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Lenders like your down payment to be sitting in your account for at least 2 months-what they call “seasoning.” All cash deposits or large deposits not from your payroll are required to be documented and sourced.

Quitting your job, changing your job, or becoming self-employed can cause issues with your loan. Lenders want to see a pattern of stability, which means you’ll be less likely to default on a loan. Changing jobs from self-employed to salaried or salaried to salaried is OK. However, going from salaried to self-employed is problematic because you will not be able to provide documented taxable income to prove your earnings.

Like your employment, you want your banking history to show stability.

Buying a vehicle increases your debt-to-income ratio, and that’s something lenders don’t want to see.

Like financing a car, charging big-ticket items increases your debt-to-income ratio and can adversely affect your mortgage.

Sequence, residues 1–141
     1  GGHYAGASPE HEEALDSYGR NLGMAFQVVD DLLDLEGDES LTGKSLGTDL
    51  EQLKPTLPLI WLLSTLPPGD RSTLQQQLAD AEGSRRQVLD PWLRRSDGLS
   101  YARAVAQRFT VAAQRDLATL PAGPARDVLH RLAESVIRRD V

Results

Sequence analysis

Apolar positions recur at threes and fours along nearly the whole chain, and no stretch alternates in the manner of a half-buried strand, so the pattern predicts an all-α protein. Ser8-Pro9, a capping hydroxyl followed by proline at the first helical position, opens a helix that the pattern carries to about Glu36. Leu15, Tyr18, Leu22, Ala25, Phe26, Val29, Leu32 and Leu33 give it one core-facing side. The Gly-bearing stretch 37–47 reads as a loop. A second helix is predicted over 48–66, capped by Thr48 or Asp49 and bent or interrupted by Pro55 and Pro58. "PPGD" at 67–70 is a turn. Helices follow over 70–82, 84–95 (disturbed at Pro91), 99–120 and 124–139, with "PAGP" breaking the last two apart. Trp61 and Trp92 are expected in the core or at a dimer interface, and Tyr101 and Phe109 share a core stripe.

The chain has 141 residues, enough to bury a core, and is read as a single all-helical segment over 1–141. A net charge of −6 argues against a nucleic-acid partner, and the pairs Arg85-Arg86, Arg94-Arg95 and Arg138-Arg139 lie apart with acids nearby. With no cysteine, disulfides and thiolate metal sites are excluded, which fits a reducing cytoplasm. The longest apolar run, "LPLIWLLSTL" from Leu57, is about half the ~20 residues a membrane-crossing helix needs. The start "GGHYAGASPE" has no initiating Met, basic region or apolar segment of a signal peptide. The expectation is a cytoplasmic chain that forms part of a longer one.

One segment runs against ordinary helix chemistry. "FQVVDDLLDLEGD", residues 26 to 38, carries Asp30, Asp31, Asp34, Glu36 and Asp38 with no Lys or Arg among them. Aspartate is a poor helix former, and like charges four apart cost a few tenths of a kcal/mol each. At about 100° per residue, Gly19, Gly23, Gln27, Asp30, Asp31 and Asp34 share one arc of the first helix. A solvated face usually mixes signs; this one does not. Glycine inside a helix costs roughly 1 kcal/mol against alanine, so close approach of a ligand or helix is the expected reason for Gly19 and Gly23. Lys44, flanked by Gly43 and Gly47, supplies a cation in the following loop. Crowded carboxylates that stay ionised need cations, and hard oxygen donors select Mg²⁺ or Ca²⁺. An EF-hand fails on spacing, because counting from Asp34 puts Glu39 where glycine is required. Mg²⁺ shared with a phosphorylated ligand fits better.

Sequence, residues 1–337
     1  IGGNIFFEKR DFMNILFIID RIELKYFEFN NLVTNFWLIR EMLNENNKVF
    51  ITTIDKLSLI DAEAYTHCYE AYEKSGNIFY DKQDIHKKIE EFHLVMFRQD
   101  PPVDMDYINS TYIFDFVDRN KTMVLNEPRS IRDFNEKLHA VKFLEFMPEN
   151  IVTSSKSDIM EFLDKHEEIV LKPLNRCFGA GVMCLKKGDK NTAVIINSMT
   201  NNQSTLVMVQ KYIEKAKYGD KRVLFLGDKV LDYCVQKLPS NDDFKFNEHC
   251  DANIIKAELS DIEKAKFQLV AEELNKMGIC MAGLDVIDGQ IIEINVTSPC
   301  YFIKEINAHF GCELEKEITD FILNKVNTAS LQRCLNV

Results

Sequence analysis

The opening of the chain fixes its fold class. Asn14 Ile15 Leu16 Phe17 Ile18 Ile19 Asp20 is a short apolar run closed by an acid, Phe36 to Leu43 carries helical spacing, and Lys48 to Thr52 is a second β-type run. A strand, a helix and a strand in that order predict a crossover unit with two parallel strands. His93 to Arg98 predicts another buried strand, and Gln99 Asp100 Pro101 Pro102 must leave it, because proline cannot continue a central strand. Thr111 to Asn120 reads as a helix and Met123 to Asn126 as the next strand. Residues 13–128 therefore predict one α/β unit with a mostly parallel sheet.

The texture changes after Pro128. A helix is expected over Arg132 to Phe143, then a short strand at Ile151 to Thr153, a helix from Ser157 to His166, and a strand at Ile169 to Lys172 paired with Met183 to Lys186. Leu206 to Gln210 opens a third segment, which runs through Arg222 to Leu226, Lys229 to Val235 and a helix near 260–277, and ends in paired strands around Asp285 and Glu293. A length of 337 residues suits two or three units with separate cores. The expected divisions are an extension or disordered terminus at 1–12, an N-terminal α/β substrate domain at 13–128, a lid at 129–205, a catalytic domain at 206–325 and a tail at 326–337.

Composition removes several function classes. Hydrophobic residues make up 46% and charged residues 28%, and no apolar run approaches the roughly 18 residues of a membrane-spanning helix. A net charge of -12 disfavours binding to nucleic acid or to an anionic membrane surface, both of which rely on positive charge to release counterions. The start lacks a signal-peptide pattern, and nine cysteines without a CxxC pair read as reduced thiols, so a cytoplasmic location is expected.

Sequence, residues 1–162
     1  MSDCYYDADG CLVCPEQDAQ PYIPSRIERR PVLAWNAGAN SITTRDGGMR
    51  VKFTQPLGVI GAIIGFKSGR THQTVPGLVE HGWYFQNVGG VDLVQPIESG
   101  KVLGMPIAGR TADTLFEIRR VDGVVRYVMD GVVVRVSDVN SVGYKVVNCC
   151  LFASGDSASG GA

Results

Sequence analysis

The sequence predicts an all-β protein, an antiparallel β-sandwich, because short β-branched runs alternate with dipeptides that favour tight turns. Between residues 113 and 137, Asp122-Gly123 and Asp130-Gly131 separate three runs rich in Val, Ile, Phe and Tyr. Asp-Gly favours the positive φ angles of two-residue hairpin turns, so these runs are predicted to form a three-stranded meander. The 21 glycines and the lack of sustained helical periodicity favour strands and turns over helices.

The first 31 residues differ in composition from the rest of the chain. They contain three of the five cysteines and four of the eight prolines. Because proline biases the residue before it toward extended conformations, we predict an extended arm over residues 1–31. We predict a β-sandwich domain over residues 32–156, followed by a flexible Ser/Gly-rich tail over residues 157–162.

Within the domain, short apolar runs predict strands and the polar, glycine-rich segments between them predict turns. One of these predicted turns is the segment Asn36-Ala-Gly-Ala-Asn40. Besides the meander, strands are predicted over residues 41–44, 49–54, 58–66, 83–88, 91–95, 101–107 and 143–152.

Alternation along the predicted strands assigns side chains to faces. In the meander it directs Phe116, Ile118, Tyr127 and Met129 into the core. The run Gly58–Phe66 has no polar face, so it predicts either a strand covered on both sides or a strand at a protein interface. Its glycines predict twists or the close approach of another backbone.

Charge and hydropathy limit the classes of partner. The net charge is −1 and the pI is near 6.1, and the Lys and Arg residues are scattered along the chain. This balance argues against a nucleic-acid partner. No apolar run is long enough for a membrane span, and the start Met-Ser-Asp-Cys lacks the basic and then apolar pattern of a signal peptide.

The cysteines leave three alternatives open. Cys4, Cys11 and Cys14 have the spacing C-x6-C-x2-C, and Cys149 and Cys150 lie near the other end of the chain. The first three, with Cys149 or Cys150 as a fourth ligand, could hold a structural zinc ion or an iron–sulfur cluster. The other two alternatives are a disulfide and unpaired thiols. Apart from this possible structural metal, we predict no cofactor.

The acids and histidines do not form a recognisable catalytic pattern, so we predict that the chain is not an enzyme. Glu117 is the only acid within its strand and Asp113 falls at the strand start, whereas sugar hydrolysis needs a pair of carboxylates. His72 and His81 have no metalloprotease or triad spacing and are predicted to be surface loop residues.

You need a track record of responsibility that shows you consistently handle your money well. Late payments can also adversely affect your credit score.

Don’t leave out any debts, liabilities, or fudge your income. It’s fraud.

Even if you’re not the one making the payments on the loan, it increases your debt-to-income ratio.

Looking for new credit translates into higher risk for lenders. Opening additional credit accounts within a short period can cause your credit to take a hit. While probably not a huge factor in calculating your ability to repay a loan, it’s not worth the risk.

Part of the price of financing a loan is the closing costs, and you’ll likely have some responsibility for paying them. Make sure you have enough for your share of the obligation.

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